The Subprime Solution: How Today’s Global Financial Crisis Happened, and What to Do about It

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By Robert J. Shiller
Princeton University Press, 2008, 208 page

Robert J. Shiller, the Arthur M. Okun Professor of Economics at Yale University, famously predicted the bursting of the dot-com bubble in Irrational Exuberance (Princeton University Press, 2000). In the past few years, just as presciently, he predicted the bursting of the housing bubble as well. His new book, The Subprime Solution: How Today’s Global Financial Crisis Happened, and What to Do about It, which appeared in September 2008, both explains the dynamics of investment bubbles and reveals why government efforts to stop the ensuing meltdown have failed.

After a brief review of the his­tory of U.S. housing policy, Shiller contrasts the comprehensive mea­sures taken in the early 1930s to stabilize that decade’s collapse in the housing market with what he calls the “ad hoc, band-aid” remedies administered since the current collapse began in the fall of 2007. He suggests three goals for any lasting solution to the problem: improving the financial information infrastructure; extending the scope of financial markets to cover a wider array of risks; and creating retail financial instruments such as “continuous-workout mortgages” and home-equity insurance to provide greater security to consumers. He outlines several ways of accomplishing these goals and reinforcing the social contract — the implied agreement that a society will protect its members from major misfortune. His contribution to the first goal has been to assemble data on the long-term performance of U.S. house prices, something that had not been available before. It reveals that between 1997 and 2006 real house prices (i.e., net of in­flation) grew by a staggering 85 percent. They will fall — it seems certain — for some time.

Shiller is a disciple of the pros­pect theory of Daniel Kahneman and Amos Tversky and the field of behavioral economics that it has spawned. (See “Daniel Kahneman: The Thought Leader Interview,” by Michael Schrage, s+b, Winter 2003.) He suggests that the housing bubble arose through some astonishingly casual — and false — assumptions about the history and future of housing prices, fueled by “social contagion,” a complex of social psycho­logical mechanisms that can overwhelm rational calculation, even in professional investors. These mechanisms were given free rein under the libertarian regulatory philosophy espoused by key policy­makers, such as then U.S. Federal Reserve Chairman Alan Greenspan, who essentially ignored them. The author suggests that studying models of the way diseases spread is a better way to understand this contagion than using the paradigms of neoclassical economics.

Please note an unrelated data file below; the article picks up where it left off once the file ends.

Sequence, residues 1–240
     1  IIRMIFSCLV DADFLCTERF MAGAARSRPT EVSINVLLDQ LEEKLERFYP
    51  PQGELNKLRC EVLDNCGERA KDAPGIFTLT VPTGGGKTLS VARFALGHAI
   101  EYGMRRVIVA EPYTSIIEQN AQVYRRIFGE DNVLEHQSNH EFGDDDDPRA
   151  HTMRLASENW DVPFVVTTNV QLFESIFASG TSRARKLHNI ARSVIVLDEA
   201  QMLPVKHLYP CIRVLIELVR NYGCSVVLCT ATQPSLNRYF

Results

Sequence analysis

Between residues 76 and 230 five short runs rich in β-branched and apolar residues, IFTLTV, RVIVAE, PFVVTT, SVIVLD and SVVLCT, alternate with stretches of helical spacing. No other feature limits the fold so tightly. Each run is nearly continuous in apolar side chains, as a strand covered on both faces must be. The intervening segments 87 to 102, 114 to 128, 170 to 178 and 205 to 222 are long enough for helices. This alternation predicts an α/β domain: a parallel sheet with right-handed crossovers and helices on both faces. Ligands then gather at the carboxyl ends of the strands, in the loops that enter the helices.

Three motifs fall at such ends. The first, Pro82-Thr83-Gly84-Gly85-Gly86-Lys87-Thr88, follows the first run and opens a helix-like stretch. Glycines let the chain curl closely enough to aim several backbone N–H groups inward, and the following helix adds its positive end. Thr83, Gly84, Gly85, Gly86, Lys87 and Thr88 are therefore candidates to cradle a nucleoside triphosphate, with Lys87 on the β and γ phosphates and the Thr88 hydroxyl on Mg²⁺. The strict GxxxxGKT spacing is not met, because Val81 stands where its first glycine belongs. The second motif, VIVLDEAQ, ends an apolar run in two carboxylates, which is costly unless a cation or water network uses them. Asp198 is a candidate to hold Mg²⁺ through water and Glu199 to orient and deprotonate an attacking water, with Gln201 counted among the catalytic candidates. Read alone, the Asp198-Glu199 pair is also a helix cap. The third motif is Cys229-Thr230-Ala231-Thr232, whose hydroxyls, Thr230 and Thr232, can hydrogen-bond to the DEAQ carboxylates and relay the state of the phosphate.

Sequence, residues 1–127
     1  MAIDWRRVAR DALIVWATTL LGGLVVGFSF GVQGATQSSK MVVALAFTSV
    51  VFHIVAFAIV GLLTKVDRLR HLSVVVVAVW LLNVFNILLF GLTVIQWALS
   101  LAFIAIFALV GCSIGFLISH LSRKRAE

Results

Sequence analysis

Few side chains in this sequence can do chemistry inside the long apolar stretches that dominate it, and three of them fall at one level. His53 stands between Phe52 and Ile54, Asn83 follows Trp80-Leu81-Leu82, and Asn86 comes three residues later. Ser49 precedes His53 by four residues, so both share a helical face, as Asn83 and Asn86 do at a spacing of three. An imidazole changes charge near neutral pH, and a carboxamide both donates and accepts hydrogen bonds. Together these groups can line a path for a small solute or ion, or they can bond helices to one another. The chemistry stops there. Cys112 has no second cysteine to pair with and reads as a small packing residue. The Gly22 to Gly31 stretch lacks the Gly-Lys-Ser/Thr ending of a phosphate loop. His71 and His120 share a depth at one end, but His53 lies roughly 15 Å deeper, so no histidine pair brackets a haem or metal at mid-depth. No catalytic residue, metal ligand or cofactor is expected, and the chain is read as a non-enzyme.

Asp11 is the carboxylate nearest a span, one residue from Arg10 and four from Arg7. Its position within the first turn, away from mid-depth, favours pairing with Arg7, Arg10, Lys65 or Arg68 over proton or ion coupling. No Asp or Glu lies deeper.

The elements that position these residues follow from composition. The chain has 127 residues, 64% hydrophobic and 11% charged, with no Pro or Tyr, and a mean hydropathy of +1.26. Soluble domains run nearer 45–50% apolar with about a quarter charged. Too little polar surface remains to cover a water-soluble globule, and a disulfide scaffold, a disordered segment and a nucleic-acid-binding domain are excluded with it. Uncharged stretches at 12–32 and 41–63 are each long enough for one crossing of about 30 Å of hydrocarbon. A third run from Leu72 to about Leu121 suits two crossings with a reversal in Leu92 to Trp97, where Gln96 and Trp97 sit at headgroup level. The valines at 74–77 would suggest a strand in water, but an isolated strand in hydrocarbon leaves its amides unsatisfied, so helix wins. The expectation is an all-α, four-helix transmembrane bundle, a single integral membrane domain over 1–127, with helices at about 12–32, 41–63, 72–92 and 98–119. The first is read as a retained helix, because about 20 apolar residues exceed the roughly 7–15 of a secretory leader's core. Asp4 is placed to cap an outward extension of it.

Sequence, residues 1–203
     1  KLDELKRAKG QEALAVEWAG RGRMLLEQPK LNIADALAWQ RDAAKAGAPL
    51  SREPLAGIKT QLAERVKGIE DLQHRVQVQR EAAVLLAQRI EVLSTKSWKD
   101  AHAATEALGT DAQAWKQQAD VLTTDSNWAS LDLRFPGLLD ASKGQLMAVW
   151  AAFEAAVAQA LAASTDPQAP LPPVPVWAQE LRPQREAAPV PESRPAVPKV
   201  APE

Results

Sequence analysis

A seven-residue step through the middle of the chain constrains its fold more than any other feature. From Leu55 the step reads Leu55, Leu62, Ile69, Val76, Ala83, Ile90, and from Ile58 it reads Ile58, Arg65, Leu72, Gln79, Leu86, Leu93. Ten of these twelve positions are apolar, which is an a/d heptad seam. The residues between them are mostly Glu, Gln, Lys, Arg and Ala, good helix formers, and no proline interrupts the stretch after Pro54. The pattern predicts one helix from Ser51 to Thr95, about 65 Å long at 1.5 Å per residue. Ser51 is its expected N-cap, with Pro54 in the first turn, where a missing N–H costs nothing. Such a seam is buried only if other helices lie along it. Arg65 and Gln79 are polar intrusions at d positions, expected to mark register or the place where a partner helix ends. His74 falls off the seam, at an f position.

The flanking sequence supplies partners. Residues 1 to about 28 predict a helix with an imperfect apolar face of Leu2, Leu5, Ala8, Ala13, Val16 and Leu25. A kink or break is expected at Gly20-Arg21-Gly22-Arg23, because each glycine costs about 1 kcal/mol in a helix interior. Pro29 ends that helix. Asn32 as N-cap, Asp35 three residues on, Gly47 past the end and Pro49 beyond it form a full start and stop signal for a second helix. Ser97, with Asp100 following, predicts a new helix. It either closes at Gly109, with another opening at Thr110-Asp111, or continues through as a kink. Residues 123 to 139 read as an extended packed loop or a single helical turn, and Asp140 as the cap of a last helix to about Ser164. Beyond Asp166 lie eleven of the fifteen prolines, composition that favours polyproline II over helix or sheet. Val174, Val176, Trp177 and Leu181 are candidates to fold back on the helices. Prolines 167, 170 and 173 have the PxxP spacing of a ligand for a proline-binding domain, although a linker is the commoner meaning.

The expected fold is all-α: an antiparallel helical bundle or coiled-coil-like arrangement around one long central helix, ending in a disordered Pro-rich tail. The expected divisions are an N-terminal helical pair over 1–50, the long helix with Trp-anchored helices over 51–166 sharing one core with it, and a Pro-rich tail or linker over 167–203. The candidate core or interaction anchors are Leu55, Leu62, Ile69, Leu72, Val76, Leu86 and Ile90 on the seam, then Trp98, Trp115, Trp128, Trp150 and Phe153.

The Subprime Solution was perfectly timed to capture the demand for explanations of the housing market turmoil in 2007 and the first three quarters of 2008. But it was too early to cover the dramatic events of October 2008 and the much larger global crisis that followed. The author’s views, however, do presage what was to come. No doubt he is already working on a sequel, which will command a deservedly large readership.

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